Gollinger interview Eva Gollinger, in her interview "US continues destabilisation push in Venezuela" (GLW #716), regrettably made errors in referring to our organization, the International Center on Nonviolent Conflict (ICNC). She says that our
On July 17, PM John Howard’s climate change policy was released amidst great fanfare. For most of his political career, Howard has denied the link between climate change and human industry, and the threat that it poses to the planet and society. Now the scientific evidence is irrefutable he has changed tack, and is promoting “solutions” to the climate change threat that avoid threatening the profits of the polluting corporations.
Four thousand timber workers and their families attended a rally in Launceston in support of the controversial Bell Bay pulp mill on July 19. The Construction, Forestry, Mining, and Energy Union (CFMEU) called the rally as part of a one-day stop-work action aimed at “combating the threat to jobs posed by radical green groups”.
On July 18, 100 people supported 15 striking workers at the Esselte office supply warehouse in Minto by stopping delivery trucks entering the site for seven hours.
On July 18, six students were arrested on the Garden’s Point campus of the Queensland University of Technology when 20 police brutally attacked a peaceful protest outside the University Council, which was meeting to pass the final decision to shut down QUT’s humanities and human services faculty.
On July 20, 80 people rallied outside the Brisbane immigration department offices to protest against the detention of Indian doctor Mohamed Haneef. The rally was called by the Stop the War Collective.
The global climate crisis and campaigns for environmental and social justice, including the defence of Aboriginal land rights against the Howard government’s takeover of Northern Territory communities featured prominently at the Students of Sustainability (SoS) conference at Murdoch University from July 9-13. Some 300 Students and activists attended from around Australia.
Two Tamil men, Sivarajah Yathavan and Aruran Vinayagamoorthy, who were arrested in Melbourne in May under the “anti-terrorism” laws, were granted bail by Justice Bernard Bongiorno on July 17.
On June 2, 1975, sex workers in Lyon, France, occupied a church for two months, an action that inspired the contemporary sex-worker rights movement. On June 2 this year, 60 sex workers and supporters held a demonstration at Circular Quay to protest against the NSW parliament’s passage of the Brothels Legislation Amendment Act. Protesters described the legislation as a significant “reversal of decriminalisation”.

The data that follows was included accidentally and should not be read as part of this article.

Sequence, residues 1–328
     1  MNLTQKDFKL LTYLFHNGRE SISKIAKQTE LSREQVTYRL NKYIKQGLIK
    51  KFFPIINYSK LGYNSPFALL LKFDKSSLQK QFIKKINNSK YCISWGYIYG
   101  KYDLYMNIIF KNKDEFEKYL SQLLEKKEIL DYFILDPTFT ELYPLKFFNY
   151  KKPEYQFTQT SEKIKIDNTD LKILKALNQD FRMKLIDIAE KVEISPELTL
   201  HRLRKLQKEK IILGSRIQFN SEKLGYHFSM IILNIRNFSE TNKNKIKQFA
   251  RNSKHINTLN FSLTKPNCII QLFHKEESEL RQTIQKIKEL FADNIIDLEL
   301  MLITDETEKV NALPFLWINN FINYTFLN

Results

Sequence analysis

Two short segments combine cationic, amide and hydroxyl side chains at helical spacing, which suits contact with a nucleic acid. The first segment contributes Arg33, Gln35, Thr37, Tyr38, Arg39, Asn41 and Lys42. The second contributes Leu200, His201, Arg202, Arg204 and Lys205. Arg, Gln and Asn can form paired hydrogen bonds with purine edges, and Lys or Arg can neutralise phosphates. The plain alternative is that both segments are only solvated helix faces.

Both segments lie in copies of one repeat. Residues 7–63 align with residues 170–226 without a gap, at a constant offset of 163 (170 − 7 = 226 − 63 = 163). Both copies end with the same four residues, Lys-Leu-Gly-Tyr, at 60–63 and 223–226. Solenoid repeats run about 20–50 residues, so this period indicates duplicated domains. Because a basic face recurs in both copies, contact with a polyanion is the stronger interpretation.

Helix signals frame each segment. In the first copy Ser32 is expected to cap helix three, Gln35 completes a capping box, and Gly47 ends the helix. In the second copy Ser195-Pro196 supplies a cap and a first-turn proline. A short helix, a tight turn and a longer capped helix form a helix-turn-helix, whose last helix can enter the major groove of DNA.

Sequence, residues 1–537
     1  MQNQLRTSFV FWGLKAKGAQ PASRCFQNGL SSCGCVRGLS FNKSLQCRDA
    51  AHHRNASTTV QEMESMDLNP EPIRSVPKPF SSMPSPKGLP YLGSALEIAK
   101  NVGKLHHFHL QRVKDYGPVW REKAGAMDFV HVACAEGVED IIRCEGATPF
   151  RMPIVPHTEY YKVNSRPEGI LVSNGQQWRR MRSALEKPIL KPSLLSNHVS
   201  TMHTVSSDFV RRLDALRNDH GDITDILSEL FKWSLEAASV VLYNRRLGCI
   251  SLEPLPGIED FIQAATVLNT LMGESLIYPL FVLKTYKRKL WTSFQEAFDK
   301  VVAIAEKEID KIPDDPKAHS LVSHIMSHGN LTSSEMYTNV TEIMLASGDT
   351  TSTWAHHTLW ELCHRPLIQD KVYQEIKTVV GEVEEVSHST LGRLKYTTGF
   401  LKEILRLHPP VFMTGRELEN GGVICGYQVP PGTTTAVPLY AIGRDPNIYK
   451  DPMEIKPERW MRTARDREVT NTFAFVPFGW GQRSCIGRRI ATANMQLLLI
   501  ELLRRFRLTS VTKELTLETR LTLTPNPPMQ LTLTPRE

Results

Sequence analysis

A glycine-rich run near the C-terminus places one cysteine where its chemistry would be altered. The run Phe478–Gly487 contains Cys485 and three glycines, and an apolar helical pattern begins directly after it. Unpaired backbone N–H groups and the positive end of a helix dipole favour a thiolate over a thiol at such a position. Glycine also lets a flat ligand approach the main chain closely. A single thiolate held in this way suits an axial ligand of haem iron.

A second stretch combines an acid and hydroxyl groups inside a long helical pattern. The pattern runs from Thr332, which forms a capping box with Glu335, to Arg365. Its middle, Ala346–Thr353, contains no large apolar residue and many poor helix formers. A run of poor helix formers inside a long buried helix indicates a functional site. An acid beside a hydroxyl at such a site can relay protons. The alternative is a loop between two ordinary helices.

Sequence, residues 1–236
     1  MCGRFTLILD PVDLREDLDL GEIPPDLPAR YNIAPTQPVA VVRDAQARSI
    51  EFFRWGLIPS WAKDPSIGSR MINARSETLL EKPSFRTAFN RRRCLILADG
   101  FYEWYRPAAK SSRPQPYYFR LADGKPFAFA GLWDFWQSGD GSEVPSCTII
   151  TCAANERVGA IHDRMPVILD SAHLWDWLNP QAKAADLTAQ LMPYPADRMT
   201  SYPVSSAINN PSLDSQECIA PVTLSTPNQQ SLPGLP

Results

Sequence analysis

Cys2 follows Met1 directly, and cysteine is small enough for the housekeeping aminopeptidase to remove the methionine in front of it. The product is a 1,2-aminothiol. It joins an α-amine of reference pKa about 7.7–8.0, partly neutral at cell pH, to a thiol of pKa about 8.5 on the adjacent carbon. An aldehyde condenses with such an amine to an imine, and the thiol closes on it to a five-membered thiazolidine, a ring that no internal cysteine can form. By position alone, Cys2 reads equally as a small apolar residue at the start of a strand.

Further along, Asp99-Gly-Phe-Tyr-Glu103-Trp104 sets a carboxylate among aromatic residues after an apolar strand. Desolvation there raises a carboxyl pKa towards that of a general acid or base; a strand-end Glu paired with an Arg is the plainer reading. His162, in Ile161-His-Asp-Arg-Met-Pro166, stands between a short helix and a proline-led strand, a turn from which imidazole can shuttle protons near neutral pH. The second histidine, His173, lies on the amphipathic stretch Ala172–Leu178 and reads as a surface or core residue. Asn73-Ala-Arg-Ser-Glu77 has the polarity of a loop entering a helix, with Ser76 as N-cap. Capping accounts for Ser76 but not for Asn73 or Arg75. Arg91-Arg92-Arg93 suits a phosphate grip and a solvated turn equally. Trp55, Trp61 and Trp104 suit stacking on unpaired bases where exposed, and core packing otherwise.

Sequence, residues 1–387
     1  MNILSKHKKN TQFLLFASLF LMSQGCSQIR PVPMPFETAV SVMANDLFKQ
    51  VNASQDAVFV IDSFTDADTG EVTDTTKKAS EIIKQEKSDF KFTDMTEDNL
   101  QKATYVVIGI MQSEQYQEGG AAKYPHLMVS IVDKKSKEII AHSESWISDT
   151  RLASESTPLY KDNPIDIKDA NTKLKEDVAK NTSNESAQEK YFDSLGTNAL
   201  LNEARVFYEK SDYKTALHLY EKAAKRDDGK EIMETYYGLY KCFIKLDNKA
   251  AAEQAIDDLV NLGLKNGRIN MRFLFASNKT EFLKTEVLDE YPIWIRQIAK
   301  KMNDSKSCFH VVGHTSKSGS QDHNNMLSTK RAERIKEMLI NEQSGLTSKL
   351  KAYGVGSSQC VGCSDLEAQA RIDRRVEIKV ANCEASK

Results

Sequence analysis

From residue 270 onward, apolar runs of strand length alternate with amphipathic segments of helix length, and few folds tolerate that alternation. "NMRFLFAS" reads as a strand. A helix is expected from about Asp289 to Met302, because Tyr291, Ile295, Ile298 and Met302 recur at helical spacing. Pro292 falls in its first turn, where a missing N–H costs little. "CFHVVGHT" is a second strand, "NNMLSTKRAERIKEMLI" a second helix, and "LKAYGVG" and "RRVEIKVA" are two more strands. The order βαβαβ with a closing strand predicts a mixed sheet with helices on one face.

Lawyer Michael Bozic, unionist Peter McLelland and investigative journalist Wendy Bacon addressed 100 people at a July 16 Sydney public forum. The meeting was organised by the Stop Bush Coalition in the lead-up to protests during the September APEC summit, which US President George Bush will attend.
The decision by immigration minister Kevin Andrews to throw 27-year-old Indian doctor Mohamed Haneef into immigration detention — despite a Queensland court granting Haneef bail on charges of “recklessly” (meaning not deliberately) supporting terrorism — has further exposed the Howard government’s utter disregard for civil rights and the judicial system, and the dangers inherent in its “anti-terror” laws.
Ford’s decision to close down its Geelong engine plant will have a catastrophic effect on the town. It’s not just the 600 jobs at Ford that will be lost; hundreds of jobs will probably also be lost in the car components factories and various supply companies. This flow-on could mean up to 2400 more unemployed workers in Geelong.
Max Lane spoke to the Socialist Party of Timor’s (PST) secretary-general, Avelino da Silva Coelho, in the wake of East Timor’s June 30 parliamentary elections, in which the PST received 0.96% of the vote.
The corporate media has heaped praise on Al Gore following the international rock gig Live Earth. But to ask the U’wa people, from the tropical cloud forests of north-eastern Colombia, what they thought about Gore and Occidental Petroleum (Oxy), the oil company from which his personal fortune is derived, would be to receive a very different opinion.
The head of Britain’s Association of Chief Police Officers (ACPO) has called for police to be given the power to imprison “terror suspects” indefinitely without charge.
The July 1 Sydney Morning Herald reported that the “southern part of the Murray-Darling Basin has seen some rainfall, but not enough to stave off zero water allocations when the new irrigation year begins on Sunday… Howard’s grave warning in April of no water for irrigators from July 1 in Australia’s food bowl has been realised, with soaring fruit and vegetable prices expected to follow.”


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